Campaign volunteers were determined to change that. Eleven different regions of the country were identified as key areas for alumni, and regional campaign chairs were appointed in each. In turn, the chairs recruited teams of volunteers who began identifying UC’s extensive impact in their cities, such as New York, Dallas and Cleveland/Akron.

Ultimately, regional volunteers played a huge part in taking UC beyond $1 billion. In Washington, D.C., for instance, the regional campaign reached its initial $8 million goal more than two years early. That led D.C.’s campaign chairman Todd DeGarmo, DAAP ’82, to raise the regional goal, and the area finished the campaign with nearly $20.5 million.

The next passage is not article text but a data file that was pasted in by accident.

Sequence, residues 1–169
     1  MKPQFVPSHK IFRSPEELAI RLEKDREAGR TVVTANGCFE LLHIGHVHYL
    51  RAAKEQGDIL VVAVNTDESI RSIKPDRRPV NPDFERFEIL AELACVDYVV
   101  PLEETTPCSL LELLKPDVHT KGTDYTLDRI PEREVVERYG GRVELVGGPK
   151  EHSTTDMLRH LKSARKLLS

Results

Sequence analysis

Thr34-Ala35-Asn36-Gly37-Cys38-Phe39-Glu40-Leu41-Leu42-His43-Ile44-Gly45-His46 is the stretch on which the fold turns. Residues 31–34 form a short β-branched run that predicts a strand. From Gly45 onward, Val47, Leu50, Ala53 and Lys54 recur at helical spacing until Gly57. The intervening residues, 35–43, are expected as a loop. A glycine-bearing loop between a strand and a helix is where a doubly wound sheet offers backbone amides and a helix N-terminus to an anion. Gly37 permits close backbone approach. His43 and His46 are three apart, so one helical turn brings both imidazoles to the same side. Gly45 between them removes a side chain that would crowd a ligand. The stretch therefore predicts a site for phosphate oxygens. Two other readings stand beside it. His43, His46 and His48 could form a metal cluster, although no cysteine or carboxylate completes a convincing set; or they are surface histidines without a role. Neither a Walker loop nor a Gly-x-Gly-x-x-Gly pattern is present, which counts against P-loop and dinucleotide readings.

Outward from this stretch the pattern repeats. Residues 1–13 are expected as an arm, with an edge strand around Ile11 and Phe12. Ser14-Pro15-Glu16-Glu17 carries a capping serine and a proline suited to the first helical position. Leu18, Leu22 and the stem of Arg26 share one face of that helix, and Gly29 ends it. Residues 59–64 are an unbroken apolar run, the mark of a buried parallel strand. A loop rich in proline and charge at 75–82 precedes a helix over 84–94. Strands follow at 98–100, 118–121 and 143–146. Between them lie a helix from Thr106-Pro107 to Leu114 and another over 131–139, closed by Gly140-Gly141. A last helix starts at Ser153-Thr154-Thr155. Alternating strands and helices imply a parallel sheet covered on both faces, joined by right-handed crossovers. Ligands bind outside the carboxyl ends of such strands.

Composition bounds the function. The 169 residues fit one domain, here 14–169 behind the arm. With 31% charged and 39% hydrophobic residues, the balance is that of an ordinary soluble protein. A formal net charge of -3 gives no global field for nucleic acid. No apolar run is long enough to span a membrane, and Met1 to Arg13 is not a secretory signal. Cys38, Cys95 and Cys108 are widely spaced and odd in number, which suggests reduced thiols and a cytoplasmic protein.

In Chicago, regional chair Robert Fealy, Bus ’73, dedicated personnel to coordinate their efforts, resulting in a final campaign tally of more than $10 million. Extraordinary volunteers like these not only brought in regional gifts totaling nearly $260 million but established incredibly strong networks to build upon in the future.

“For the past 35 years, I have been part of a lot of fundraising campaigns, including for political races, cancer research and the Mercantile Library,” Niehoff says. “Unlike those much smaller campaigns, ‘Proudly Cincinnati’ required a huge group of volunteers and a large professional staff. For the first time, I was part of a large fundraising organization.

“It was fun helping to recruit all the people. But what was most satisfying was watching everyone come together and become totally committed to achieving our goals.”